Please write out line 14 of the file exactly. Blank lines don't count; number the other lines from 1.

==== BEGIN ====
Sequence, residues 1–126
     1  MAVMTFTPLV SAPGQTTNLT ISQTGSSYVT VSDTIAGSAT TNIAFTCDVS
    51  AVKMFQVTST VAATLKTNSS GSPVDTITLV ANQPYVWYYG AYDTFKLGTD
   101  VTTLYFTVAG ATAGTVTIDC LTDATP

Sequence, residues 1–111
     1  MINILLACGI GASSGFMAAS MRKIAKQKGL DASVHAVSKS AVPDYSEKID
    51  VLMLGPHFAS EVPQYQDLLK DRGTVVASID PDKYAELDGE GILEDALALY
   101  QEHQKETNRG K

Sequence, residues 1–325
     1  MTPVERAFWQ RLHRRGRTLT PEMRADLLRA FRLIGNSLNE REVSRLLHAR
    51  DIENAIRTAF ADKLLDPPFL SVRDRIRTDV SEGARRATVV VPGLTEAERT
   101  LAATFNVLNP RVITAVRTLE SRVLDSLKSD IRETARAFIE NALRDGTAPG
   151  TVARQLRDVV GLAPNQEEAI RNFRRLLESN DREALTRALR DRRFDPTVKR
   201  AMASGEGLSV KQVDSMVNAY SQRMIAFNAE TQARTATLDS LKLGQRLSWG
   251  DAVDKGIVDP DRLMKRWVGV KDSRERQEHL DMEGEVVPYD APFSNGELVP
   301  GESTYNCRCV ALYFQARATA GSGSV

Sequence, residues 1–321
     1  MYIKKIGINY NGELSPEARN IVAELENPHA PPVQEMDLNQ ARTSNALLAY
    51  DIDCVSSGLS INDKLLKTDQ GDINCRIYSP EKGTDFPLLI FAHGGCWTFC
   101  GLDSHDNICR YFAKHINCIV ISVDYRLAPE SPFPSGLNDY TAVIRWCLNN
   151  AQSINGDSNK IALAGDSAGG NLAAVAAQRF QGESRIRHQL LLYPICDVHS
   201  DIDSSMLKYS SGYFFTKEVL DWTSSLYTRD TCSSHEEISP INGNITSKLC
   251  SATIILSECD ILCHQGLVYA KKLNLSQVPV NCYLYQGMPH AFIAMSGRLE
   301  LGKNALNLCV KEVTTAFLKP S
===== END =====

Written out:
   201  AMASGEGLSV KQVDSMVNAY SQRMIAFNAE TQARTATLDS LKLGQRLSWG